In [3], it is assumed that the asymptotic behaviour of the virtual Compton scattering amplitude can be understood in terms of Reggeon exchange and that a fixed pole does not occur. In the following, I refer to this assumption as the Reggeon dominance hypothesis [96]. It implies that the functions , are fully determined by the values of the structure functions in the spacelike region, i.e. by the electroproduction cross section. In particular, the subtraction function in the dispersion relation (21) for does then not represent a quantity that is independent of the structure functions, but is determined by these. Likewise, the Cottingham formula then fixes the electromagnetic contribution to the mass difference between proton and neutron in terms of the cross section for electroproduction, thereby allowing the evaluation of this formula on the basis of experiment, despite the need of a subtraction. The numerical result obtained in [3] with the experimental information about the cross sections available at the time is MeV. The data were consistent with the scaling laws of Bjorken, which were used to evaluate the contributions from the deep inelastic region. These turned out to be too small to stick out from the uncertainties of the calculation.
The assumption that the matrix elements of the current commutator are free of fixed poles is by no means generally accepted, however. For a discussion of fixed poles in the framework of Regge Theory, see the textbook [97]. Even before the advent of QCD, the possible presence of such contributions was discussed in the literature (see, e.g. [98, 99, 100, 101]). More recently, the universality conjecture formulated in [102] has received considerable attention (see e.g. [103] and the papers quoted therein). To my knowledge, the question of whether or not the Reggeon contributions fully account for the high energy behaviour of the Compton amplitude at fixed photon virtuality remains open. If the answer should turn out to be negative, that would be most interesting, as it would imply that our understanding of the asymptotic behaviour of QCD is inherently incomplete: what is the origin of the additional contributions and how can they be determined experimentally ? I only add two comments concerning this issue.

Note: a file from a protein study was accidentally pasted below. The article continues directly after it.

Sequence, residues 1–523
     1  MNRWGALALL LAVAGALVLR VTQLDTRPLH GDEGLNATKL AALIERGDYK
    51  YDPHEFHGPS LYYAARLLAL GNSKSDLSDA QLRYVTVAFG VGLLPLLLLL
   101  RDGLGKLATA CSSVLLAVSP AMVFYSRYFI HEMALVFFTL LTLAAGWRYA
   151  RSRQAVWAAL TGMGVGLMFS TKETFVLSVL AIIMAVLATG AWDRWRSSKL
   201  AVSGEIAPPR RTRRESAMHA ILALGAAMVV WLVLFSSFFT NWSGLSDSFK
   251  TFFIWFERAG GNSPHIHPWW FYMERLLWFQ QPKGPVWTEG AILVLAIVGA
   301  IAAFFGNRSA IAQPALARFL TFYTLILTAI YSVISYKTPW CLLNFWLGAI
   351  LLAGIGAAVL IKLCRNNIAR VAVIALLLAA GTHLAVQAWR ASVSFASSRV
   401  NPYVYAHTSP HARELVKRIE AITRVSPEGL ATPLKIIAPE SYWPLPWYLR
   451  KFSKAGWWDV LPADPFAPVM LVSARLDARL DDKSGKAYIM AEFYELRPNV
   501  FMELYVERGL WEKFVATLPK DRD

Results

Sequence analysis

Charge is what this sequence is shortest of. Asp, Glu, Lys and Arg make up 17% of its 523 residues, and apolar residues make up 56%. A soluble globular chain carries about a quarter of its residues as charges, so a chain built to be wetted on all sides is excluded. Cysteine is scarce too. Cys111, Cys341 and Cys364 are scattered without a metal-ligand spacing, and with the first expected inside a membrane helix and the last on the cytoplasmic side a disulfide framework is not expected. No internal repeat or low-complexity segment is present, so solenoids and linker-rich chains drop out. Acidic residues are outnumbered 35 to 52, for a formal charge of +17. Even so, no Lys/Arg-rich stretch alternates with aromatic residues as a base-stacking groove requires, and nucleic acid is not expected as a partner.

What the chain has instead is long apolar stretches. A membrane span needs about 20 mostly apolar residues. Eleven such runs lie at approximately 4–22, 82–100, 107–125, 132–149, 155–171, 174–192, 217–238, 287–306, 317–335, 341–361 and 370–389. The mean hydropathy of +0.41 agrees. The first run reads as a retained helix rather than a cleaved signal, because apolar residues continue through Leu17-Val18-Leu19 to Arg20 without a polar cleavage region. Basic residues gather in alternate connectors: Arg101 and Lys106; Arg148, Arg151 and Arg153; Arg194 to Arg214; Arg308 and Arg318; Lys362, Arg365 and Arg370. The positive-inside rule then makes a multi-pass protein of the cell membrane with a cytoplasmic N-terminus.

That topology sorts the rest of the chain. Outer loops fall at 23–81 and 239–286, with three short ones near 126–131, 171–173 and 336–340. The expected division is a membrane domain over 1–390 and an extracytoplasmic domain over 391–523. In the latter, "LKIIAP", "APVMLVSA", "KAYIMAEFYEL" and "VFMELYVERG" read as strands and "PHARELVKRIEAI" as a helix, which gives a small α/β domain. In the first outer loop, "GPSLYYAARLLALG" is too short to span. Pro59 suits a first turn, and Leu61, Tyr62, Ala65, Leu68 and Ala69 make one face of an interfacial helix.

1. The concept of ’fixed pole’ does not always refer to polynomial contributions of the form (22). The ’fixed pole’ term investigated in the work of Damashek and Gilman [98], for instance, does not concern at all, but represents a contribution to , which asympotically falls off in proportion to . They consider real Compton scattering, , and work with the amplitude . As they point out, the asymptotic behaviour of is not fully accounted for by the contributions from Reggeon exchange: denoting the latter by , the difference between and does not tend to zero when tends to infinity, but approaches a constant, . The authors refer to as a fixed pole contribution.
The fixed pole contributions permitted by the JostLehmannDyson theorem are of different nature. As mentioned above, Regge behaviour implies that cannot contain a fixed pole of the type (22). This does not prevent the amplitude from containing a constant term in the asymptotic behaviour. Quite to the contrary, even if would tend to zero so rapidly that the integral converges, the representation (20) would imply that then tends to a constant: causality does require the occurrence of ’fixed poles’ of the type considered by Damashek and Gilman, but this is not in conflict with the Reggeon dominance hypothesis, nor does it touch the issue of whether or not the electroproduction cross section unambiguously determines the difference between the electromagnetic selfenergies of proton and neutron.
2. The short distance properties of QCD ensure that, if both and are large, the behaviour of and is governed by the perturbative expansion in powers of the strong coupling constant, so that it is meaningul to investigate the contributions from individual graphs. The behaviour in the Regge region, where only becomes large while the virtuality is kept fixed, is a much more complex affair that is not governed by the short distance properties of QCD. In particular, values of of the order of are outside the reach of perturbation theory, even if is large. An infinite set of graphs needs to be summed up to understand the highenergy behaviour of the amplitudes in the Regge region. Possibly QCD reggeizes only partially – if it should turn out that, in , the remainder does contain a fixed pole, then it ought to be possible to identify this contribution explicitly, so that it can be accounted for, in particular also in the Cottingham formula.
13 Recent work on the Cottingham formula